A proposed new food security law in India guaranteeing subsidised grains for the poor would cost the country an estimated 1.1 trillion rupees ($22.3 billion), an official said Wednesday.
The senior food ministry official, speaking to Dow Jones Newswires on condition of anonymity, said the government planned to introduce a bill in the monsoon session of parliament, which begins on August 1.
"It will be politically prudent for the government to get it (the bill) passed before Christmas," he said, adding that it would help bolster support for the government among the poor at a time of surging food prices.
The cost of food is up nearly 10 percent over the year, according to the latest inflation figures, and some months have seen a spike of nearly 20 percent compared with a year ago.
Last December, there were demonstrations over the price of onions, which are a staple in Indian cooking.
Under the current draft of the law, anyone living under the official poverty line would be guaranteed 7.0 kilograms (15.4 pounds) of subsidised grain per month.
The official said that the government was working to determine where the poverty line should be drawn.
A senior ministry official who spoke to AFP on condition of anonymity said, "Nothing has been finalised yet as far as the bill is concerned."
Some economists have warned about the cost of the proposed law, which would add to India's already wide budget gap unless the government finds fresh sources of income.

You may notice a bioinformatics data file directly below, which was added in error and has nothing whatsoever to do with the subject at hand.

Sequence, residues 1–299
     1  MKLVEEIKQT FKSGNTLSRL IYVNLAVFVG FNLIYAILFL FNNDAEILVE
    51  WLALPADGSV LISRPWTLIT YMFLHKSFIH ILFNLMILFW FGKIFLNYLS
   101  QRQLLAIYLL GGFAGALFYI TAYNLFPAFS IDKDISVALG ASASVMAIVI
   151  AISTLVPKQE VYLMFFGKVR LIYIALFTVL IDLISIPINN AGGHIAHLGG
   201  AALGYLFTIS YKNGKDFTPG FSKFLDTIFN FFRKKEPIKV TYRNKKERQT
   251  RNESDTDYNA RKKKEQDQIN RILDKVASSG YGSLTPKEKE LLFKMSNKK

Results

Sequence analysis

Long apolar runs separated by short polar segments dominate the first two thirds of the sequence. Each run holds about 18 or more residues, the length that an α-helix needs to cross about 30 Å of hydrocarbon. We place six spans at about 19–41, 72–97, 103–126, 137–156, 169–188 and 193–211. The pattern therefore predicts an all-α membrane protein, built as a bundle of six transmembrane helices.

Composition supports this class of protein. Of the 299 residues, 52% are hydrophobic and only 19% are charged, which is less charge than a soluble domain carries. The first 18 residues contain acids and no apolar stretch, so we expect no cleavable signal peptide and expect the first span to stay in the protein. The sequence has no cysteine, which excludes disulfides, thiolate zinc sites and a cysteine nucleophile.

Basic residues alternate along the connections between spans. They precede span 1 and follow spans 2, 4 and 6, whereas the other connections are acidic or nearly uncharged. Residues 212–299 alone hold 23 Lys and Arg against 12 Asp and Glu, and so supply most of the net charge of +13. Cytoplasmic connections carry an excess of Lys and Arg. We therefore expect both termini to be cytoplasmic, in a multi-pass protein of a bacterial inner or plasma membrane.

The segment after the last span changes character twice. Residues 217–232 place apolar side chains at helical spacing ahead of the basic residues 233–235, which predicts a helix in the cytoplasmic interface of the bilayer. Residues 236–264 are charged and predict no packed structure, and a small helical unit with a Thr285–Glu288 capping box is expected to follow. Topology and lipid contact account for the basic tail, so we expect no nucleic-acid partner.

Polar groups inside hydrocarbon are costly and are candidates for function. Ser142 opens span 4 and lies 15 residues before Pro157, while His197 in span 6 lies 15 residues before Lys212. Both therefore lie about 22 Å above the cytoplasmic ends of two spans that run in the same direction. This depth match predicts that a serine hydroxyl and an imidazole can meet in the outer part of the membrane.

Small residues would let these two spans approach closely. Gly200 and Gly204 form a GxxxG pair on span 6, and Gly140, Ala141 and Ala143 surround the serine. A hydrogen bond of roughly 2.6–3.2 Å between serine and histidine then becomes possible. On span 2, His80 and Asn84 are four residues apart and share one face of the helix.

Finance Minister Pranab Mukherjee has forecast a budget deficit of 4.6 percent of gross domestic product for the fiscal year ending March 2012, but this is based on what many analysts view as optimistic growth forecasts.
"The government may cut back on development expenditure next fiscal year -- crucial to stimulate growth -- to keep the fiscal deficit in check," Madan Sabnavis, chief economist at Care Ratings, told Dow Jones.
But economist Abhirup Sarkar at the Indian Statistical Institute said that the government could afford to fund the bill, even if it caused the deficit to spiral further.
"I don't think the deficit is cause for concern at present. We have to prioritise a bill which will feed the poor and create a healthy labour force, which in turn will increase productivity," he told AFP.
The food security law is a key part of the ruling Congress party's programme as it looks to cater to the rural poor who helped return it to power in 2009 national elections.
Food prices have jumped globally because of bad weather conditions affecting harvests, rising demand and a boom in commodities futures trading.
On Friday the UN Food and Agriculture Organisation warned that food inflation would continue, with the projected price for cereals expected to rise by 20 percent and meat by 30 percent over the coming decade.